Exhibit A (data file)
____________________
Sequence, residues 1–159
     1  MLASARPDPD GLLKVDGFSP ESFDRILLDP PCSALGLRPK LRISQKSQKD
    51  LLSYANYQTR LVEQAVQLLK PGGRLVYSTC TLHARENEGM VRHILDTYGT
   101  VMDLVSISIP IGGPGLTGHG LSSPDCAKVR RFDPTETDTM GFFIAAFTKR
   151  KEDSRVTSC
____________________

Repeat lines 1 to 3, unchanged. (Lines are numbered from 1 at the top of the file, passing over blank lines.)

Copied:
Sequence, residues 1–159
     1  MLASARPDPD GLLKVDGFSP ESFDRILLDP PCSALGLRPK LRISQKSQKD
    51  LLSYANYQTR LVEQAVQLLK PGGRLVYSTC TLHARENEGM VRHILDTYGT